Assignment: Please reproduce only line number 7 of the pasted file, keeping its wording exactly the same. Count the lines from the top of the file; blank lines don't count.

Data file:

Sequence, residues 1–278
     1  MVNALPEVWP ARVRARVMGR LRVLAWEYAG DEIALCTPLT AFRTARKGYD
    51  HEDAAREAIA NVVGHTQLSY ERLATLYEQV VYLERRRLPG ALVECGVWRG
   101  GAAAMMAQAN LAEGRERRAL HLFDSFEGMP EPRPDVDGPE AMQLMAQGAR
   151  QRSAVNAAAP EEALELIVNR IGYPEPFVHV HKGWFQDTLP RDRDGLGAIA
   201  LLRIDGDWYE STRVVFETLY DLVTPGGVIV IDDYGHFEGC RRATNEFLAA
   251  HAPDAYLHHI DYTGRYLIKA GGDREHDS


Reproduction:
   251  HAPDAYLHHI DYTGRYLIKA GGDREHDS